Will I write more vampire fiction? Possibly. I have a couple of other unpublished stories. I didn’t set out to write any but it just happens and the juxtaposition of immortality at a terrible price is always an interesting premise for tales. I haven’t yet written a werewolf tale but have written a mermaid story, “The Fishwife.” Maybe at some point I’ll work my way through many mythic creatures.

http://www.edgewebsite.com/future.php

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Living in a World of Rejection

Everyone gets some form or rejection at some point in their lives. If you’re fairly well balanced, you can take it in stride, maybe momentarily sad/disappointed/angry but you move on.

However, to reject seems a much harder action for some people to commit. Take the thinner side of relationships–that is, dating. How many times has it happened that someone says, “I’ll call you,” when they have no intention of ever calling? Or the slow disappearance of the person you’re dating, who can’t manage to say, “I’m no longer interested,” but instead becomes distant, talking less, laughing less, making love less or with less passion?

Really, who is being fooled in such relationships? Not the one being dumped slowly, unless they’re in complete denial. And if you haven’t learned by now, a slow dumping is much more wounding and demoralizing than a sudden one. Though that shouldn’t legitimize never calling again but still having the guts to say, “Look, this just isn’t working out,” or “I’m really more into my book than you,” or whatever. It comes down to communication.

However, I believe there’s often ego tied up in this that people don’t realize. “Oh, I couldn’t tell him/her I don’t want to see them anymore. It would crush him/her.” Yeah, I’ve been reduced to ashes every time some guy never called. Give me a break. Ego ego ego. Not needed. People survive, they move on. They continue to live their lives. Someone I’ve dated is not all-important in my life. (A longer live-in relationship could be a different story however; more time is invested.) If you’ve only had a few dates with someone, be decent and say it’s not working. Don’t be a worm wriggling away without the guts to say anything.

Which gets to the real point of this. Writing. I’ve been rejected so many times I cannot count. I used to say I could paper a house with rejections and a bathroom with acceptances. I think I could now paper a good-sized bedroom with acceptances. But the point is, a writer lives with rejection all the time. And it’s not just because personalities don’t mesh (well, maybe sometimes it is), but it’s more personal; it’s one’s writing that gets rejected.

Writing can be the blood and soul of a writer. A good writer can separate enough to take constructive criticism. A writer can also be completely emotionally unstable and think that you’re ripping the arms off their baby any time you say anything against their perfect child. That’s not a good writer, who will never get the perspective to see what is wrong with a story. That’s a crazed writer who might, from time to time, write well, but only if they can take criticism.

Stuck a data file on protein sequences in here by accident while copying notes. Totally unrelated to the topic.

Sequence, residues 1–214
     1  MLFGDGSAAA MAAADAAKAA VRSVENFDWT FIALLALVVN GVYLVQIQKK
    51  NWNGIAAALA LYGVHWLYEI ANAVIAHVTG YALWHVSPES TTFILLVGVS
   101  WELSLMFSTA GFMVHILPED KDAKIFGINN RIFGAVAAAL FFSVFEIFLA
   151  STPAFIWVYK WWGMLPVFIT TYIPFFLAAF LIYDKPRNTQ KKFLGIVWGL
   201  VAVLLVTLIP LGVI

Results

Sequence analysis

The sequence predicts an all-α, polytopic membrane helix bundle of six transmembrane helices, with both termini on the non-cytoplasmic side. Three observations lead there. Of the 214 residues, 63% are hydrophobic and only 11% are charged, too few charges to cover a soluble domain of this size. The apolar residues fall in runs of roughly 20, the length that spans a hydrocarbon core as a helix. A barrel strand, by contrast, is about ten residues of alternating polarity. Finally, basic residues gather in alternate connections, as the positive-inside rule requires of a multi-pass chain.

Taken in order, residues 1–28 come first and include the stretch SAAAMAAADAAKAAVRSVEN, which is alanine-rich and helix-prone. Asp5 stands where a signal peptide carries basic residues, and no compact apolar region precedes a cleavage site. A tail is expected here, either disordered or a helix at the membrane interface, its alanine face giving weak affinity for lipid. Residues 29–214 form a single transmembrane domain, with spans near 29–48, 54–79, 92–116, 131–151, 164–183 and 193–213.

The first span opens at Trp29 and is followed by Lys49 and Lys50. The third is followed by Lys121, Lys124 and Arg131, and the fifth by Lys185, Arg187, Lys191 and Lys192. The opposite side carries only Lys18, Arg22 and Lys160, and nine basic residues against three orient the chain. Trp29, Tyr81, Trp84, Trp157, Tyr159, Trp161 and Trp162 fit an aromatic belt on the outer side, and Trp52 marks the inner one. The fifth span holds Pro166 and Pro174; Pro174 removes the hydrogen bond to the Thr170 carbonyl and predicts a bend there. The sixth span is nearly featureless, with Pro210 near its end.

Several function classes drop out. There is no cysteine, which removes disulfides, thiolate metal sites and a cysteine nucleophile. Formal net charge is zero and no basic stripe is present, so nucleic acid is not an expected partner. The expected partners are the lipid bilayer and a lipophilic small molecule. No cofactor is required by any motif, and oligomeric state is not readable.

Still, no matter how professional you are, how gracious, how open and noble, how thick your skin, it can get to you. The perseverance of most writers is akin to beating your head against a wall with a nail sticking out, knowing it’s causing you to hurt and bleed, but still doing it, hoping you can pound that nail down. What gives first? How prevalent is depression amongst writers? Ask them.

Writing is not for the weak at heart. Over the years and the many workshops/writers groups I’ve been in I’ve seen people freeze up. Some never write again when they find out their perfect child has a flaw to some people. Some are closet writers, writing away, but paralyzed to submit or let anyone view their work.

And there you go; submission. A writer must be submissive. Passively and meekly sending in stories and poetry to the mighty god-editor of doom, awaiting the call or the casting out. You must submit your writing and submit to the will of others.

Now, when you look at the aberrant or colorful personalities of past writers: Dylan Thomas, Hemingway, Oscar Wilde, Lord Byron, to name a few, is it any wonder they turned out the way they did? And of course one can ask: does writing attract the unique personalities or does writing create them? Does a writer who has experienced the numerous rejections by editors become more compassionate in rejecting people in a relationship or less? Does the one condition have any correlation to the other or is it strictly one’s personality that dictates the way of rejection?

Whichever it is, the rejector should always reject gently and clearly, whether in a relationship or in writing (there are always exceptions). And anyone considering the life of a writer better be ready to face rejection and realize that nothing is perfect in the world to all people. Something can be rejected a hundred times before it is accepted (even true for relationships but not with the same person–that’s stalking). So here’s to a thick skin, persevering and weathering the rejections.